There are so many brands of facial fillers on the market these days, many find it hard to decide which is most suitable for them. My two cents’ worth below– hope it helps!
This is the oldest USA FDA approved facial filler, so I guess it can be used as a control to compare all the others! I love to use this brand of filler on the tear troughs and lips because its range e.g. Vital Light and Lip Volume is soft and natural enough for these areas. Perlane and SubQ are harder types suitable for other areas of augmentation but I find it too hard for my liking.
Also a very popular and well marketed brand that is also USA FDA approved. Quite costly though. Its range of Ultra Plus and Voluma is suitable for areas like the nasolabial folds, cheeks, nose and chin. From experience, Voluma tends to give a bit more swelling– I don’t like it for that reason because in the first week, the swelling may give rise to a wrong impression of asymmetry which settles quickly but causes a lot of worry in the meantime. It’s known to last slightly longer for a hyaluronic acid based filler. Its range Ultra seems very effective as a filler for scars and wrinkles.
This is a relatively low profile brand made in Canada but has quite a number of worthy clinical studies to back it. Its range Ultra seems very versatile and gives good results for nasolabial lines, nose, chin and cheeks (in that order of preference). Surprisingly, it gives very little problems– seldom cause lumpiness or migration, and settles very well to give a most natural result. Perhaps the only shortcoming is it doesn’t give as great a volumising / lifting effect as Juvederm Voluma or Radiesse. Revanesse basic, a softer type, also is effective for scars and wrinkles.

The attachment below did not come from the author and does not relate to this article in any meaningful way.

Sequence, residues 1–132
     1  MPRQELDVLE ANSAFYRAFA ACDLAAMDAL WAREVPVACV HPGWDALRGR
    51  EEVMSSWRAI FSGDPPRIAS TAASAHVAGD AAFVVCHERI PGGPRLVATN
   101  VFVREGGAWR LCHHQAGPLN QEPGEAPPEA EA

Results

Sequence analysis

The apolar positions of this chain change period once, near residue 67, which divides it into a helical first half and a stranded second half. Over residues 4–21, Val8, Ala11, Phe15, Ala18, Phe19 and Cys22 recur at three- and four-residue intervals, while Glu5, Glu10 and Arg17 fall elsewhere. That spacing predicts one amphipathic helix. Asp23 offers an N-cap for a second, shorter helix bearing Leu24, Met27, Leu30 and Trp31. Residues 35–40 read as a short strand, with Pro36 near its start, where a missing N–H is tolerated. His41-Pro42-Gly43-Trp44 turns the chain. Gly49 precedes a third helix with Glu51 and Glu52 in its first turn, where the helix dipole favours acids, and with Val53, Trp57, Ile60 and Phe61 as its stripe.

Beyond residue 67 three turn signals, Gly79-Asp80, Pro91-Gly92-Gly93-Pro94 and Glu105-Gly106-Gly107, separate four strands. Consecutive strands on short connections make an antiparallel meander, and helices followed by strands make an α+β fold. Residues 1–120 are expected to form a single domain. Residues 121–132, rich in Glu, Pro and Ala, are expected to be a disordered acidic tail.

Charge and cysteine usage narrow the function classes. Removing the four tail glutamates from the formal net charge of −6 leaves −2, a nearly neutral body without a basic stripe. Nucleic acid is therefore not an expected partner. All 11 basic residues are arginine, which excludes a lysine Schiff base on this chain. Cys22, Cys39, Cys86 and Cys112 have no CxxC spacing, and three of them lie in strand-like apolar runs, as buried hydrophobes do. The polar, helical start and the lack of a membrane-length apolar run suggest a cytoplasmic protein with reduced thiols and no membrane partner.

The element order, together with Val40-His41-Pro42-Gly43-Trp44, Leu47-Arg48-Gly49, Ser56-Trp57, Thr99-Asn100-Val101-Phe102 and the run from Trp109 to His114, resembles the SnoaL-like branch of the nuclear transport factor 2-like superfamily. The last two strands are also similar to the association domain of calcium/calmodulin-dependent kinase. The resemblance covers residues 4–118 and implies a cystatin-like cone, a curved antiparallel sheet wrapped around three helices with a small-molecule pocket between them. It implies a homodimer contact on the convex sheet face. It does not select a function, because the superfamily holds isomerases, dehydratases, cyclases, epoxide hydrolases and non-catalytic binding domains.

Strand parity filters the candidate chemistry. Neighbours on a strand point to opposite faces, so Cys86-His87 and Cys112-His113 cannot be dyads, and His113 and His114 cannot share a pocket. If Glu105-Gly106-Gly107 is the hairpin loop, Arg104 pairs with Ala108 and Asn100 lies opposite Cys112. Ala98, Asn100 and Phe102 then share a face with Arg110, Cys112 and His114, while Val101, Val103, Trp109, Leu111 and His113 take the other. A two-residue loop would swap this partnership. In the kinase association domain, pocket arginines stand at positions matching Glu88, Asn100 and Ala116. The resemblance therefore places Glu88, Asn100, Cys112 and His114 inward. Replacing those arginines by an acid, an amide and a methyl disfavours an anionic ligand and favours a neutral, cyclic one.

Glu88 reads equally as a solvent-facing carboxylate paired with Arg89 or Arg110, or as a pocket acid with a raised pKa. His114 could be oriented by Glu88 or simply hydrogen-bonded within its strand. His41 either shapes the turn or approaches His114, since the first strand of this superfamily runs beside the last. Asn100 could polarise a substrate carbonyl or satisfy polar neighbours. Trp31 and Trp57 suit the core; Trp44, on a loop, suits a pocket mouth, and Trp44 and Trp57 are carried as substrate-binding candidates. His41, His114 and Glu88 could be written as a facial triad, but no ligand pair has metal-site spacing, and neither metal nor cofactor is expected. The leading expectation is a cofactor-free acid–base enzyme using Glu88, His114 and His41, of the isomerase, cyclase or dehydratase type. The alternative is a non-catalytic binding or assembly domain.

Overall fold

I absolutely love the effect this filler gives for the cheeks. The lifting effect is good and immediately visible even with a very little amount, as long as it’s in the right place. I find it best in the cheeks, nose and chin.
An almost permanent filler that can last 2-5 years cos it’s a plastic gel. Considering the cost vs the length of time it lasts, it’s easily the most economical filler. The obvious pitfall is, of course, the risk for lumpiness, as with any longer lasting filler. In the event of lumps, it cannot be dissolved easily like the hyaluronic acid based fillers. You can wait it out or massage it down or opt to remove it surgically.
Filler choice varies, depending on your specific requirements, budget and desired area of treatments. There is no “one size fits all” in this regard. It’s ok even if you may need different fillers for different areas of treatment as they seldom cross react with one another. It’d be worse if you try to force a certain type of filler in an area it is not suitable for. Discuss with your aesthetic doctor what you are looking for and get the best recommendation for you! :)